Every Tuesday morning, the SF Weekly news blog The Snitch profiles one of the bay's many cool blogs in a segment we call -- BetterKnowanSFBlog. This week, no silly gadgets allowed.
By Tyler Callister
Markos Moulitsas Zúniga was born in the United States, but he spent five years of his childhood in El Salvador (1976-1980), right smack in the middle of a civil war. When communist guerrillas threatened Moulitsas’ family, they fled back to the U.S.
“From a very early age I learned that politics could be a matter of life and death,” he says. So it’s no surprise that Moulitsas did not grow up and start a blog about ...
Moulitsas, who runs the blog from his home in Berkeley, is serious about politics. But a blog dealing with serious news raises questions about factual accuracy. After all, blogs are usually created by one to five authors (often under pseudonyms), and any Joe Blow can do it. Even Brian Lam, editor of the second most popular blog on the internet Gizmodo, admits that blogs are better suited for unserious news coverage because they don’t have fact checkers. But Moulitsas disagrees. “Every single one of the commenters is a fact checker,” he says. “Within five minutes of making a post, if I’ve got anything that’s factually incorrect, somebody’s already pointed it out.”
Moulitsas is a small fish in the media ocean, but he says that gives him more incentive to be factually accurate than the average mainstream news reporter has. “I don’t have the luxury of the New York Times brand giving me credibility,” he says. “I have to build my credibility every single day, post by post, and if I lose that credibility I’ve got nothing left. I guard it with my life.”
So when Moulitsas started Daily Kos in 2002, he didn’t have the nepotistic connections to work at someplace like The New York Times, and he didn’t have the money to start his own print publication, so he decided to join a burgeoning media technology rather than try to join the mainstream press. “I thought I’d just create new media and sort of grow around them,” he says. “We can start putting the tools together to build a media machine for this century.”
Problem was, in 2002 the common response Moulitsas got from advertisers and political campaign managers was, “What the hell is a blog?” He describes his frustrating start as a Web consultant for political campaigns: “Really no campaign other than the Dean campaign thought that there was any reason to put any energy on the Web. We would be in a room with the media consultant, and the direct mail consultant, and the speech writer, and the campaign manager and we’d basically say, ‘Spend a little money on building this feature, it will pay for itself via contributions and engagement by voters,’ and we’d get vetoed over and over again.”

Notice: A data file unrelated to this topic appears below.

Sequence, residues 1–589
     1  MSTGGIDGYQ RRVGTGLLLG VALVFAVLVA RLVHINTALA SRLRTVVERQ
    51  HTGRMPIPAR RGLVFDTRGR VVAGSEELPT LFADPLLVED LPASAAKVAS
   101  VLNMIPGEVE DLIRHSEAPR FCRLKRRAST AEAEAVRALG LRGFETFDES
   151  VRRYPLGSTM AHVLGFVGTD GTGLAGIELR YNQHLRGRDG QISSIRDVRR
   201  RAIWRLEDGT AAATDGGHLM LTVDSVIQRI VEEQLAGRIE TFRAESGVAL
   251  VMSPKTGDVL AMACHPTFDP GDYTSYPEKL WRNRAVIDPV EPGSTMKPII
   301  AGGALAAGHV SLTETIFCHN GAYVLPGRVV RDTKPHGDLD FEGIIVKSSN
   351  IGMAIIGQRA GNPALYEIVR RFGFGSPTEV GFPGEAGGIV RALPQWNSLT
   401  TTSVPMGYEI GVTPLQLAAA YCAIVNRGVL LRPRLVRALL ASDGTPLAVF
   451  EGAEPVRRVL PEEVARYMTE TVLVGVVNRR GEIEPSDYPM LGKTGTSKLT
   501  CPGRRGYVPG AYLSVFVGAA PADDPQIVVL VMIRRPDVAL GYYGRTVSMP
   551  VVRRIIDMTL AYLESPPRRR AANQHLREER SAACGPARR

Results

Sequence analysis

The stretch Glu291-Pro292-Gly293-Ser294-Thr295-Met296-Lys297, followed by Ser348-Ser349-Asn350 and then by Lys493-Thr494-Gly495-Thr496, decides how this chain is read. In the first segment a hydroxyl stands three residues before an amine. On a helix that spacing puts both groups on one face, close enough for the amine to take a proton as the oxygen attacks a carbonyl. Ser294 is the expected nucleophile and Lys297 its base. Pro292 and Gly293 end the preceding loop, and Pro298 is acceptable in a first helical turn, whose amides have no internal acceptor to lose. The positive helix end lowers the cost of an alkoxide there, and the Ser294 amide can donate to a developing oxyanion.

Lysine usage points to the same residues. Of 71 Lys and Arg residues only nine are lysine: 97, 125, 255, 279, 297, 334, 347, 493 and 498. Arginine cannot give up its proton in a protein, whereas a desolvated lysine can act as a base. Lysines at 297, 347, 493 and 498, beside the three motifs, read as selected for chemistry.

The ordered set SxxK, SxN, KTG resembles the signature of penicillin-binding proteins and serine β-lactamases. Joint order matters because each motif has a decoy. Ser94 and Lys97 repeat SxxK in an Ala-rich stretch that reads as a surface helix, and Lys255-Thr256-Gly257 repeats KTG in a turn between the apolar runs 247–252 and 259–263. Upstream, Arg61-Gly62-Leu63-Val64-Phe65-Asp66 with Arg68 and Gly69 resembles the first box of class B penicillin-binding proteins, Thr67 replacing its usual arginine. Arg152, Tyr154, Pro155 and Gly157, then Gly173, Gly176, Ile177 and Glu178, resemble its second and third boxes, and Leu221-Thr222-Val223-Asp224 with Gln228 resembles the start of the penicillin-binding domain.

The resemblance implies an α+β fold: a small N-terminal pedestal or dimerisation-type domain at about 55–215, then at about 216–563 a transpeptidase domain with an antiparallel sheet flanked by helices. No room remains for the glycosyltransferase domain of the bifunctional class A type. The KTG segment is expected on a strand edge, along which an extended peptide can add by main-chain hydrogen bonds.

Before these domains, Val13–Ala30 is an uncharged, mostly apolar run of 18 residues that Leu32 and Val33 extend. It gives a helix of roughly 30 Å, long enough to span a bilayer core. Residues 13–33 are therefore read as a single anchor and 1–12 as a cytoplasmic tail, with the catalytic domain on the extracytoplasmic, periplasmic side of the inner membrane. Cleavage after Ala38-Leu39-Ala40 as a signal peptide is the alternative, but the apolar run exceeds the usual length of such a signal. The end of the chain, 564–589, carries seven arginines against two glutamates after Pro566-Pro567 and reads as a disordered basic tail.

But Moulitsas credits the service Blog Ads for turning things around. “Blog Ads essentially created the industry for blog advertising from scratch, doing the long hard work in convincing ad agencies and advertisers that it was worth there while to put money into blogs,” he says.
Now, Daily Kos receives somewhere between 14 million and 20 million visits per month, and around 500,000 per day. High-profile figures like John Kerry, Jimmy Carter, and Michael Moore have posted to the site.
But Moulitsas insists that those people contributed willingly to the site, and that he did not recruit them for the sake of drawing publicity to Daily Kos. In fact, he says that even famous politicians have to sign up for a login name, and wait the required one week before they're allowed to post to the site — just like everybody else. “I like to think that it’s sort of an egalitarian environment,” he says.
The 36-year-old Moulitsas hatched his political ideology in a place far removed from the blogosphere. In 1989, fresh out of high school, he joined the Army. “For one, it was a way for me to go to college; I didn’t come from a wealthy family,” he explains. “But also … I wanted to be a politician and I was more of a military hawk at the time, so I thought it very hypocritical for me to be ever in the position to send our men and women into combat without me having been in that situation myself.”
But something unusual happened to Moulitsas while in the military. As he describes in an article for The American Prospect, he went in a Republican and came out a Democrat. “The Army taught me the very values that make us progressives — community, opportunity, and investment in people and the future,” he writes. “Returning to Bush Senior's America, I was increasingly disillusioned by the selfishness, lack of community, and sense of entitlement inherent in the Republican philosophy.”
In the article Moulitsas describes the military as “perhaps the ideal society,” pointing out that the Army provided him and his peers with free housing, medical care, education, and a chance to travel and participate in the world. “I got to party at the Berlin Wall after it fell and explored Prague in those heady postcommunism days,” he writes. “I wasn't just a tourist; I was a witness to history.”
This ideology seems to influence the way Moulitsas manages his blog. It’s perhaps an attempt to create that “ideal society” online. While he can’t provide free health care to his Daily Kos’ audience, he speaks passionately about trying to maintain a sense of community amongst those who read, post, and comment on the site. As one of the pioneers of the blogosphere, the precedent he is setting makes him not only a witness to history, but also an influential participant.